Ryan Discovers Midwest Hoops Home
By Abbe George
From the gyms of New England to sunny Palo Alto, and more recently, Purcell Pavilion, rising junior Cormac Ryan has been defined—both on and off the court—by a nationwide residence.
“The amount of different people you can meet through basketball and the places it can take you show you a lot about the game and yourself, as well as the world” explained Ryan, a 6’5” transfer from Stanford University.
Ryan attributes much of his success to his family and New York City upbringing. “Growing up in New York shaped my personality and the style I play with on the court,” Ryan noted. “I consider myself a very competitive person, and I don’t know if that’s growing up with four other siblings or that New York basketball culture.”
Ryan further explored the East Coast when his family relocated to Massachusetts, where he graduated from Milton Academy and currently resides. Ryan, who refers to himself as an “East Coast guy,” said the region forged his game by giving him a competitive edge and bringing him talented coaches and programs. This area also introduced him to the old Big East basketball conference and, ultimately, Notre Dame.
After high school, Ryan travelled across the country to play basketball for Stanford University, where he competed in 24 games during the 2018-19 season, averaging 8.7 points per game. This more than three-thousand-mile move did not come without some culture shock, though. “Spending a year on the West Coast felt different in subtle ways. The pace of life is a little bit different out there, but I did enjoy my time,” Ryan recounted.
After announcing his transfer, Ryan found a new home in Notre Dame, Indiana. Ryan attributes some of the school’s appeal to the Midwestern atmosphere, which he feels is similar to that of his East Coast homes.
However, there was quite a bit more involved in Ryan’s decision than region. After earning a 3.8 grade-point average during his first year at Stanford, Ryan was looking for a school that prioritized academics, but would also build him as a person and a basketball player.
“I was looking for a good fit for me, both culturally and on the court. I found that in Notre Dame.”
“Academics have always been a big part of my decision making, but primarily it was a basketball decision,” Ryan remarked. “I was looking for a good fit for me, both culturally and on the court. I found that in Notre Dame.”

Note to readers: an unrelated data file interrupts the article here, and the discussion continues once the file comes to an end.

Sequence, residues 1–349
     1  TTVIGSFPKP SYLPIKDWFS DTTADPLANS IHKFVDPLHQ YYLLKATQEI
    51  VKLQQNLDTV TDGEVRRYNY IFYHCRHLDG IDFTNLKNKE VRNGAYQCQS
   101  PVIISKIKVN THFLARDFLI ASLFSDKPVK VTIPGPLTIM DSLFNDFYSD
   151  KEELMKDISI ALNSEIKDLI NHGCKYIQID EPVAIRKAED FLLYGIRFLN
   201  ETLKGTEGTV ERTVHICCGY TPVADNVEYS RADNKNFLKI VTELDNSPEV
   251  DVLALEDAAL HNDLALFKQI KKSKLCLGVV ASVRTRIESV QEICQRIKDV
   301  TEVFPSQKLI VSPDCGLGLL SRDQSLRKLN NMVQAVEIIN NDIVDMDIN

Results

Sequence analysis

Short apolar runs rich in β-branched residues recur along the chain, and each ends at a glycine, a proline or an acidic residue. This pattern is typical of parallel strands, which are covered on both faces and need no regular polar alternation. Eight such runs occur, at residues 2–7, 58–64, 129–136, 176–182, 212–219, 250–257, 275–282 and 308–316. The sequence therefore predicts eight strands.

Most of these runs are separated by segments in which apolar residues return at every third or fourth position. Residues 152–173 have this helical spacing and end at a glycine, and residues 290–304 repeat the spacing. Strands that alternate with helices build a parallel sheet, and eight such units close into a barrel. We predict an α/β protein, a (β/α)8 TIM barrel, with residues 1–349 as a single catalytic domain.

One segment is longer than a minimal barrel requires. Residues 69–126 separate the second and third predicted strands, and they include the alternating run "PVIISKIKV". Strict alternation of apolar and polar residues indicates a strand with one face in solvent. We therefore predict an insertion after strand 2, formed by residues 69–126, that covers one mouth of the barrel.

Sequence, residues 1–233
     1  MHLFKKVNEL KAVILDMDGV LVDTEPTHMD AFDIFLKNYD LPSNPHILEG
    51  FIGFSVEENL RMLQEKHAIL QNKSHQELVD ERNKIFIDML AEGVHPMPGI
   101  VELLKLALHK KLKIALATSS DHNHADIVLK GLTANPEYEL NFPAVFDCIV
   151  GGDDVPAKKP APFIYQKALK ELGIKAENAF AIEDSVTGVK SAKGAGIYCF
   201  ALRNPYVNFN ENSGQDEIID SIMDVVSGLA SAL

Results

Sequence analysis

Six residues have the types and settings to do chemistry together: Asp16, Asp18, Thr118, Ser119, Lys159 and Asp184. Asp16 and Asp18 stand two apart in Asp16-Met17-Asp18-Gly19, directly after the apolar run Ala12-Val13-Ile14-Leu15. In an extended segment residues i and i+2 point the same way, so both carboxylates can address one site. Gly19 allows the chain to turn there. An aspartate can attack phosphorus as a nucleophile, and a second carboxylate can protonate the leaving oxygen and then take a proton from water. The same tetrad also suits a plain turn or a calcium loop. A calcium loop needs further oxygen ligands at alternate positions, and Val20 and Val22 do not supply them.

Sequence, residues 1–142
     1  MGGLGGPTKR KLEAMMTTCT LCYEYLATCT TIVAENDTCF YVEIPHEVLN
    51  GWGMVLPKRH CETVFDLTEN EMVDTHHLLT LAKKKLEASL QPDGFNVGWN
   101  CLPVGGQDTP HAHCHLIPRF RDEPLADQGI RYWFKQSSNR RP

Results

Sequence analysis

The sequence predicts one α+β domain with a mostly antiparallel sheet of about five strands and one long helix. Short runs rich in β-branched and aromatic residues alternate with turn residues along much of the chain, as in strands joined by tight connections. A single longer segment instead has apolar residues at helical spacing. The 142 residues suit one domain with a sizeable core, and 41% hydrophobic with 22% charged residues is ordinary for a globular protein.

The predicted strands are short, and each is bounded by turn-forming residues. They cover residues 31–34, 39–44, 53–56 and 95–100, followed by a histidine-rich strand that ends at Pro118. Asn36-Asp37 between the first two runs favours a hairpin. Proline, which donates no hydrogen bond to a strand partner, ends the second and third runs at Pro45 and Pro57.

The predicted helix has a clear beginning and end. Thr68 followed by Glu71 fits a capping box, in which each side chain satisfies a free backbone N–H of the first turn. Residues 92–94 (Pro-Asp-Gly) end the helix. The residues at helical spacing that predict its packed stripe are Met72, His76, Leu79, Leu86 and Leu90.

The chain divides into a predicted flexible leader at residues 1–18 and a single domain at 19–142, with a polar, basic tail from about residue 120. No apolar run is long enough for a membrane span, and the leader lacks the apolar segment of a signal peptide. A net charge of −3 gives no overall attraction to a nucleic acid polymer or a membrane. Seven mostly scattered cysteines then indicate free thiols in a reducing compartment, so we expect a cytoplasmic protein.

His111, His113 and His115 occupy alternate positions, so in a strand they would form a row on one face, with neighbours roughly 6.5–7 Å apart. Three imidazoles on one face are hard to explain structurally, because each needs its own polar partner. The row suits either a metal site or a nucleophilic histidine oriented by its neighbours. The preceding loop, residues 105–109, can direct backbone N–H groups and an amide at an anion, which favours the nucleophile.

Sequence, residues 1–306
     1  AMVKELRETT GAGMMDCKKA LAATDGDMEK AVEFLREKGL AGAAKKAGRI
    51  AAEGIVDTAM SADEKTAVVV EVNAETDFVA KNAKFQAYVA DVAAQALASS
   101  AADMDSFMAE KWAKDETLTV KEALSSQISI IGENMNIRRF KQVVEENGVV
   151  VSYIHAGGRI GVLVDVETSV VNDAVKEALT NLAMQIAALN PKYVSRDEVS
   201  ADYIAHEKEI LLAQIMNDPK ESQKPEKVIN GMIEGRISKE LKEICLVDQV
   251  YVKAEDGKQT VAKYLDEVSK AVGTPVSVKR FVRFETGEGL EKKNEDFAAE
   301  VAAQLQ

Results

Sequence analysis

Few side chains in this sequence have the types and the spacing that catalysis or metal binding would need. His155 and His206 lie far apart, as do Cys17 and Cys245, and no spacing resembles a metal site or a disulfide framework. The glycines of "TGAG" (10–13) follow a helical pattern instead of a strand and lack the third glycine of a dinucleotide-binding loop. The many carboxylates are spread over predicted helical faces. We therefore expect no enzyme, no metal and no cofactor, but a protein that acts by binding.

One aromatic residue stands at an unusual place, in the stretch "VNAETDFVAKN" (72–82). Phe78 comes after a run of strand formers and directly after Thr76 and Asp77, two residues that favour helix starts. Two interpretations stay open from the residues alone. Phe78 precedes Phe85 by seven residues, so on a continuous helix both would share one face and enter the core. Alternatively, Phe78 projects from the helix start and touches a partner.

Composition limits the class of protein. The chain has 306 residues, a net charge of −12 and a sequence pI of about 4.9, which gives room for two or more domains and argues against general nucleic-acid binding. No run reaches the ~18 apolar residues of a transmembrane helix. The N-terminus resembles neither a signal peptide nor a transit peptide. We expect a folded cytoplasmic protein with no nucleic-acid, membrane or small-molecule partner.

As the first contact when Ryan announced his transfer, Irish head coach Mike Brey quickly sold the guard on his team and his school. Ryan cites Brey’s personality as the strongest factor in creating that culture he found so appealing. “He’s a great coach and can be demanding when he needs to be. He sets the tone and everyone falls into that,” Ryan corroborated.
Due to NCAA rules, Ryan spent the 2019-20 season on the sidelines. The lessons he learned out of uniform, however, were invaluable. “It gave me great time to develop my game and my body and to learn the value of what a person can add to a team without even stepping onto the court.”
This season tested Ryan’s discipline and ability to make an impact on a group without the capacity to play. Though he found it difficult to “hold himself back” on game days, he learned the value of practice and how to extend his energy on the sideline to his teammates on the court.
Despite “itching” to play all year, he found success bringing spirit to the team, both in practice and in games. “My philosophy is to stay positive and energetic,” Ryan asserted. “I try to practice what I preach and always stay engaged, give guys compliments and push the guys at practice.” He found this job required little sweat due to his like-minded teammates.
Ryan’s first year at Notre Dame became even more unique when it was cut short due to COVID-19, which has challenged various aspects of life, including basketball.
Away from campus, Ryan finds himself practicing in his driveway against his father, exercising via Zoom with his old New York programs and conversing with teammates and coaches over the phone. “As much as basketball training is important, it’s also important to keep the chemistry together and help everyone stay sane, upbeat, and positive,” Ryan observed.
Ryan remains hopeful and confident in his team’s ability to come out stronger than before. “We’ve got a bunch of determined guys who will find a way—whether that’s in the fourth quarter and you’ve got to find a way to get a stop or whether it’s during the Coronavirus and you’ve got to find a way to get better.”
Ryan hopes the team will go on to win an ACC championship next season, like the 2015 team, and make a strong run in the NCAA Tournament. “We are competitors, we are winners and we want to go get it,” Ryan asserted.
As for his personal goals, Ryan says right now they align with the team’s dreams of winning championships, but he hopes to one day play in the NBA. This season on the bench was a productive step on his way there, as it gave him the space to cultivate some of his biggest strengths—his positive attitude and energy.
Ryan’s season off the court and his travels across the United States helped both his personality and his style of play evolve. “The journey has not been one I could have predicted, but it has been one I certainly enjoyed,” Ryan commented. “It’s taught me a lot of valuable lessons that extend far outside basketball, a lot of things about life, really.”
Abbe George is a Neuroscience and Behavior major and Poverty Studies minor from Lebanon, Kentucky. She will attend medical school after graduating in May 2020.